- 5:83 (Y. Ali) And when they Listen to the revelation received by the Messenger, thou wilt see their eyes overflowing with tears, for they recognise the truth: they pray: “Our Lord! we believe; write us down among the witnesses.
- 5:108 (Y. Ali) That is most suitable: that they may give the evidence in its true nature and shape, or else they would fear that other oaths would be taken after their oaths. But fear Allah, and Listen (to His counsel): for Allah guideth not a rebellious people:
- 6:36 (Y. Ali) Those who Listen (in truth), be sure, will accept: as to the dead, Allah will raise them up; then will they be turned unto Him.
- 7:204 (Y. Ali) When the Qur’an is read, Listen to it with attention, and hold your peace: that ye may receive Mercy.
- 39:18 (Y. Ali) Those who Listen to the Word, and follow the best (meaning) in it: those are the ones whom Allah has guided, and those are the ones endued with understanding.
- 64:16 (Y. Ali) So fear Allah as much as ye can; Listen and obey and spend in charity for the benefit of your own soul and those saved from the covetousness of their own souls,- they are the ones that achieve prosperity.
- Rasulullah (SAW) always gave a person he spoke with full attention. So if someone addressed him he wouldn’t talk to them over his shoulder or be distracted with something else. He would turn his entire body to face them and listen and speak.
1. Listen to what Allah is telling you in the Quran and what prophet (SAW) tells us in the hadith.
2. Listen to what you tell yourself. Stop listening to negativity in your head and start telling yourself positive affirmations.
Listening makes our loved ones feel worthy, appreciated, interesting, and respected. Ordinary conversations emerge on a deeper level, as do our relationships. When we listen, we foster the skill in others by acting as a model for positive and effective communication.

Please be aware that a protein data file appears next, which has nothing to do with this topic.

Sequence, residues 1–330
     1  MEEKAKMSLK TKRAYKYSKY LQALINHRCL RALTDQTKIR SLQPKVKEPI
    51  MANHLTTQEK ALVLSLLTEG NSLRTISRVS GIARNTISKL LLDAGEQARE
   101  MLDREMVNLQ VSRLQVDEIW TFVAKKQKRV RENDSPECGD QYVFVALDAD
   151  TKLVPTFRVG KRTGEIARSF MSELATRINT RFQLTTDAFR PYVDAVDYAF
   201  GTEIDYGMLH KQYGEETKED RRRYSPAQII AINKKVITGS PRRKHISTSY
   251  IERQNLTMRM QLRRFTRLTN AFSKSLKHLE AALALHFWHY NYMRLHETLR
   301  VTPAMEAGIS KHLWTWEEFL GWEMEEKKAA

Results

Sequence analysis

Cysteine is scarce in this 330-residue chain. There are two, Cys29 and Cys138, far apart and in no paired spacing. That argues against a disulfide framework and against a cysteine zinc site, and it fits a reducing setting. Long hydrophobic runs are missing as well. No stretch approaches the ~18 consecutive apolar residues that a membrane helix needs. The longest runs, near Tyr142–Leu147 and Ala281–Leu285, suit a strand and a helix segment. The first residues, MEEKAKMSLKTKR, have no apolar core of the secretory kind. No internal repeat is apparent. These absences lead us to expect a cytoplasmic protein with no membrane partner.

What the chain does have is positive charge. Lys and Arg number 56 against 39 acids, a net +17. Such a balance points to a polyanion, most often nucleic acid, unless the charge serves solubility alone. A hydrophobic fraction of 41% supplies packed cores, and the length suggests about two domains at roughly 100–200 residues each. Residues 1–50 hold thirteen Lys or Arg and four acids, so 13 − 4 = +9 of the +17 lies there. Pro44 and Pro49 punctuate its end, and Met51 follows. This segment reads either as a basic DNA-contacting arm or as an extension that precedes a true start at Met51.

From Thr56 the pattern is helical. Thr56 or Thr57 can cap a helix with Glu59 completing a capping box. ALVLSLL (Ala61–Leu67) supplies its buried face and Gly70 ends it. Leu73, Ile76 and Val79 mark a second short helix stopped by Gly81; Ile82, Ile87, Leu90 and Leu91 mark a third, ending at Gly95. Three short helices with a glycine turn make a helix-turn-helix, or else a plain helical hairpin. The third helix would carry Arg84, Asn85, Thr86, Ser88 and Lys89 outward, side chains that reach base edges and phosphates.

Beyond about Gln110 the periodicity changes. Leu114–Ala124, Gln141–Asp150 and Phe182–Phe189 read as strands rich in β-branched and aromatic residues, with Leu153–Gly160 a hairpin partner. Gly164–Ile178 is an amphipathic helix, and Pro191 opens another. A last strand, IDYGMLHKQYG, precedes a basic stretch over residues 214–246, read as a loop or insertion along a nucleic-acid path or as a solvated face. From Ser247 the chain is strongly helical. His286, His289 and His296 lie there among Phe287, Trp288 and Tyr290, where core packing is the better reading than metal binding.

In our love relationships, greater communication brings greater intimacy. Parents listening to their kids helps build their self-esteem. In the business world, listening saves time and money by preventing misunderstandings. And we always learn more when we listen than when we talk.
Listening skills fuel our social, emotional and professional success, and studies prove that listening is a skill we can learn.
Active listening is really an extension of the Golden Rule. To know how to listen to someone else, think about how you would want to be listened to.
While the ideas are largely intuitive, it might take some practice to develop (or re-develop) the skills. Here’s what good listeners know — and you should, too:
1. Face the speaker. Sit up straight or lean forward slightly to show your attentiveness through body language.
2. Maintain eye contact, to the degree that you all remain comfortable.
3. Minimize external distractions. Turn off the TV. Put down your book or magazine, and ask the speaker and other listeners to do the same.
4. Respond appropriately to show that you understand. Murmur (”uh-huh” and “um-hmm”) and nod. Raise your eyebrows. Say words such as “Really,” “Interesting,” as well as more direct prompts: “What did you do then?” and “What did she say?”
5. Focus solely on what the speaker is saying. Try not to think about what you are going to say next. The conversation will follow a logical flow after the speaker makes her point.
6. Minimize internal distractions. If your own thoughts keep horning in, simply let them go and continuously re-focus your attention on the speaker, much as you would during meditation.
7. Keep an open mind. Wait until the speaker is finished before deciding that you disagree. Try not to make assumptions about what the speaker is thinking.
8. Avoid letting the speaker know how you handled a similar situation. Unless they specifically ask for advice, assume they just need to talk it out.
9. Even if the speaker is launching a complaint against you, wait until they finish to defend yourself. The speaker will feel as though their point had been made. They won’t feel the need to repeat it, and you’ll know the whole argument before you respond. Research shows that, on average, we can hear four times faster than we can talk, so we have the ability to sort ideas as they come in…and be ready for more.
10. Engage yourself. Ask questions for clarification, but, once again, wait until the speaker has finished. That way, you won’t interrupt their train of thought. After you ask questions, paraphrase their point to make sure you didn’t misunderstand. Start with: “So you’re saying…”
Source: 10 tips of effective listening